US economic outlook March 2024

Cutting through the noise 


Outlook: There are many misleading macroeconomic narratives, ranging from a reaccelerating US economy reigniting inflationary pressures to entrenched inflation pressures that will force the Fed to tighten monetary policy and precipitate a recession. The reality is that there is no evidence that the economy is reaccelerating, or that inflation is picking up, or that inflation has become entrenched, or even that the Fed is about to tighten policy. 


Cutting through the noise, the US economy is gradually decelerating due to more scrutinous consumers and business leaders in a high-cost (not elevated inflation) and high-interest-rate environment. Residential activity will likely remain constrained by historically low affordability, even if construction will be supported by deficient housing supply. Inventory rightsizing will continue amid slower demand growth and efforts to maintain supply resilience. Net trade will detract from growth in 2024 with the US continuing to outperform its peers. Government spending will become less of a tailwind, but healthy state and local finances should prevent a sharp pullback. Following a robust 2.5% advance last year, we foresee real GDP growing 2.3% in 2024, and 1.7% in 2025. 


Cooling labor demand. The February jobs report sent mixed signals, but it was much less noisy than the January one. Nonfarm payrolls rose by a healthy 275,000 jobs, but employment gains in December and January were revised down by a cumulative 167,000 jobs and the unemployment rate rose to a two-year high of 3.9%. Importantly, the robust employment momentum is non-inflationary, with wage growth cooling 0.1 percentage point (ppt) to 4.3% year over year (y/y). We anticipate labor demand will soften in the form of reduced hiring, strategic resizing decisions and wage growth compression. Still, strong immigration flows should support labor force growth as the unemployment rate rises toward 4.2% by year-end.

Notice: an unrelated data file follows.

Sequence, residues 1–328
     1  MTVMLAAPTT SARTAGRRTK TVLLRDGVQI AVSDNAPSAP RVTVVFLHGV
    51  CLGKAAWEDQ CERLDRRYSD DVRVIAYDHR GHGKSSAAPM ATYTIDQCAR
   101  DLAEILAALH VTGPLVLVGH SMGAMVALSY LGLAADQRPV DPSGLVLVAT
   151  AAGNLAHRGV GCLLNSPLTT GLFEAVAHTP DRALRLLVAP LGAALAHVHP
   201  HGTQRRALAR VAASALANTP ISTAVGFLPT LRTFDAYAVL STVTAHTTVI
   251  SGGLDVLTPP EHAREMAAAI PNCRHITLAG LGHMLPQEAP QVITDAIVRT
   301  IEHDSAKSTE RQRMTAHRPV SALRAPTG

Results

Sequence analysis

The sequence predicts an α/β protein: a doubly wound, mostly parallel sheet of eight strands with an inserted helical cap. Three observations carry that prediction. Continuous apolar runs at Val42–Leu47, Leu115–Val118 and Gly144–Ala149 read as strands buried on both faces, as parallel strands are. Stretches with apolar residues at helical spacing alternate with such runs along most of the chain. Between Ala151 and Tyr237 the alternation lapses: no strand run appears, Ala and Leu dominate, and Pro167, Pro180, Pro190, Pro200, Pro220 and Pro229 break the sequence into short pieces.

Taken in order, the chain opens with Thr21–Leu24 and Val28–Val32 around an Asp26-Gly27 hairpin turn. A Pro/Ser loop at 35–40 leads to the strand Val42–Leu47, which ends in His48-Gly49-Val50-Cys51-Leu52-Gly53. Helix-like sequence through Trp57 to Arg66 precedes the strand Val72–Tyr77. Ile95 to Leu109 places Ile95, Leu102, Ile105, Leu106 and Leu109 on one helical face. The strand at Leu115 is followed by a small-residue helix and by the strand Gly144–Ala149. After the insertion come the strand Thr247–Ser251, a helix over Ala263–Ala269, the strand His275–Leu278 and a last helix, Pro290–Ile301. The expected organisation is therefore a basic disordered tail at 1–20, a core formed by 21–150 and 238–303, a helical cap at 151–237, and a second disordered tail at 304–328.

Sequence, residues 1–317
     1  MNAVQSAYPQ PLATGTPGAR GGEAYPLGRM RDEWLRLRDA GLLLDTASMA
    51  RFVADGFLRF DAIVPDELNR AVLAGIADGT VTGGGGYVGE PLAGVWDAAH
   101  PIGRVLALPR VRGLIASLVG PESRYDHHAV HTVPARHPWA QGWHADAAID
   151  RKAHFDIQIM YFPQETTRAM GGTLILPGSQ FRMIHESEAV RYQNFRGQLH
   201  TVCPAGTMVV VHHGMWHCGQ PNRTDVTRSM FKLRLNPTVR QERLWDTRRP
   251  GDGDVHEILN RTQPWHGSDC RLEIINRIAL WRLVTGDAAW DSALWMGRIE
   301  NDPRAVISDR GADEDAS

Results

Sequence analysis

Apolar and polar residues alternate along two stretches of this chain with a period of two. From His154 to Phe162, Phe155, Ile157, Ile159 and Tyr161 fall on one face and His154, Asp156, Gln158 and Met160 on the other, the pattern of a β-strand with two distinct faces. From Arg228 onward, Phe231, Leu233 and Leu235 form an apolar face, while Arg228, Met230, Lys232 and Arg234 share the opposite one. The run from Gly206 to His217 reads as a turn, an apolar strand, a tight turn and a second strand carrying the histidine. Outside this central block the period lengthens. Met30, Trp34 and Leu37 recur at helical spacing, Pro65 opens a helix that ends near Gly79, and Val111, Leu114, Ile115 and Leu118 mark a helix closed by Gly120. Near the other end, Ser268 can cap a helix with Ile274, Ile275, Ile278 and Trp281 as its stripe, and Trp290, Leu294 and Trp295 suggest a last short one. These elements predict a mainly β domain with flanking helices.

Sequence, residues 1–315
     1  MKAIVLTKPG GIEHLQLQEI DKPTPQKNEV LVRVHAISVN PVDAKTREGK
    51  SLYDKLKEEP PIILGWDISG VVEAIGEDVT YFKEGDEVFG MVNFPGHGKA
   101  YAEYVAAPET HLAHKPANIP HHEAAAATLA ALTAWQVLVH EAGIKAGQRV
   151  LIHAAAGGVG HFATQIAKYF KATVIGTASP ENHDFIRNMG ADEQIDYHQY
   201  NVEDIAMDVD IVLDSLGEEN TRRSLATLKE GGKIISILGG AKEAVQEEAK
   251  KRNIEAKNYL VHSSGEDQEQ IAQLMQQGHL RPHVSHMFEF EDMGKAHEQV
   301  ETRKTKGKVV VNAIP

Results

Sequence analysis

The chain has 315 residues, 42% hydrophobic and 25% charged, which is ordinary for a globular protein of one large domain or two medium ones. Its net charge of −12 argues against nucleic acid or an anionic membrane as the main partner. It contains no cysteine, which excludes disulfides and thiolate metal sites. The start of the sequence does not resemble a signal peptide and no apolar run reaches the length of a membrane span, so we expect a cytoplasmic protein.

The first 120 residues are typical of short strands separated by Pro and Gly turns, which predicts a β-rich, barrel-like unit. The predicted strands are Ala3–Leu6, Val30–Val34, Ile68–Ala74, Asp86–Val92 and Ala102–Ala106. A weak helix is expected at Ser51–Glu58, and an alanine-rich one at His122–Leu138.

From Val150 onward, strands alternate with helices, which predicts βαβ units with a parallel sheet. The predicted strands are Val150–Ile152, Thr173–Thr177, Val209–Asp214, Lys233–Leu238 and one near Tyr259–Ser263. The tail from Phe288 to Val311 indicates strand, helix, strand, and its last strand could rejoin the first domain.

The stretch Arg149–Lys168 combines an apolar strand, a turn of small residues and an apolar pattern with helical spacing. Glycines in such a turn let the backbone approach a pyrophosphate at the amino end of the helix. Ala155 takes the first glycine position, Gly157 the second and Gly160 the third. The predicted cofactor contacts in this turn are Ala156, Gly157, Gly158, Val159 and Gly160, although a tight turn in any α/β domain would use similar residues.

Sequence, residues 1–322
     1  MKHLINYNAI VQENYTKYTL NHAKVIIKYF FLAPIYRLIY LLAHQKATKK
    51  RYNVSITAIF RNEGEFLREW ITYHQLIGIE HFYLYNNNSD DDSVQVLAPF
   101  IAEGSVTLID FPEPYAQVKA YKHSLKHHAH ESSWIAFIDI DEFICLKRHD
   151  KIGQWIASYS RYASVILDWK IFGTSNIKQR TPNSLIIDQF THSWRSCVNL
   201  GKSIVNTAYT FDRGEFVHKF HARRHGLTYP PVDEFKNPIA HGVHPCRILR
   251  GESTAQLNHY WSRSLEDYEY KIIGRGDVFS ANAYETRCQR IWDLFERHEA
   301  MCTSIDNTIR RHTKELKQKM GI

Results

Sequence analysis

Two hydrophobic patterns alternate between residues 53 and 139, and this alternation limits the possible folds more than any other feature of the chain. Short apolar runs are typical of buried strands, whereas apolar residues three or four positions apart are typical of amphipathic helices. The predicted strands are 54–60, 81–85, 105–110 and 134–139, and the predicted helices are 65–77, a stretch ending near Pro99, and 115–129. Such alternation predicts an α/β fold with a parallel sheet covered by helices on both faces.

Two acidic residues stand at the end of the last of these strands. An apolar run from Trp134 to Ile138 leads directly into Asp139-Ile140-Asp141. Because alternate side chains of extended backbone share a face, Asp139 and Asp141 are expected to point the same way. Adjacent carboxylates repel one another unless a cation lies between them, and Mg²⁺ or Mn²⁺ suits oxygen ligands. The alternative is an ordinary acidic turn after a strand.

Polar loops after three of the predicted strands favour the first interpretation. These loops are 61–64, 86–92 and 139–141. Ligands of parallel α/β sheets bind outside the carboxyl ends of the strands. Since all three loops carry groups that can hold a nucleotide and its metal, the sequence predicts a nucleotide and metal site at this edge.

Cautious consumers. Consumers remained cautious in February, with retail sales rebounding less than expected following their January plunge. The inflation-adjusted picture makes clear that consumers are exercising more scrutiny with their outlays. With employment and household income growth softening, costs remaining elevated and interest rates only gradually easing, consumer spending is expected to grow a more modest but still respectable 2.0% in 2024. 


Gradual disinflation. Headline and core Consumer Price Index (CPI) rose 0.4% month over month (m/m) in February, as expected, reflecting higher energy prices, a slight uptick in core goods prices, persistent shelter cost inflation and a notable boost in airfare. Headline CPI inflation ticked up to 3.15% y/y, while core CPI inflation eased 0.1ppt to 3.75% — its lowest since April 2021. We have revised our headline and core CPI inflation forecast up to around 2.5% and 2.7% y/y in Q4 2024 following the noisy January and February readings. The Fed’s favored inflation gauge, the deflator for personal consumption expenditures, should end the year around 2.2% y/y.


Measured Fed easing. The Federal Reserve kept the federal funds rate unchanged at 5.25%–5.50% at the March Federal Open Market Committee (FOMC) meeting. The policy statement was largely unchanged, the dot plot continued to show three rate cuts in 2024 and GDP growth projections were revised up without a commensurate upgrade to inflation and employment, signaling a belief in non-inflationary growth supported by stronger productivity. Fed Chair Jerome Powell noted that the stronger-than-expected inflation readings in January and February were more noise than signal, and he reiterated that it would likely be appropriate to start easing policy at some point this year. We continue to expect the onset of the Fed easing cycle in June and believe the Fed is more likely to proceed with three rate cuts in 2024, rather than four as we had previously anticipated. 


Risks to monitor. We see two prominent downside risks heading into 2024. The first risk stems from a resurgence in inflation from an oil price spike, tariffs or supply chain distress. The second risk stems from a further rise in interest rates from tighter monetary policy or fiscal sustainability concerns, leading to tighter financial conditions and private sector activity retrenching. The main upside risk stems from non-inflationary growth supported by a robust labor market and stronger productivity growth from efficiency improvements and generative AI (GenAI).

The views reflected in this article are the views of the author(s) and do not necessarily reflect the views of Ernst & Young LLP or other members of the global EY organization.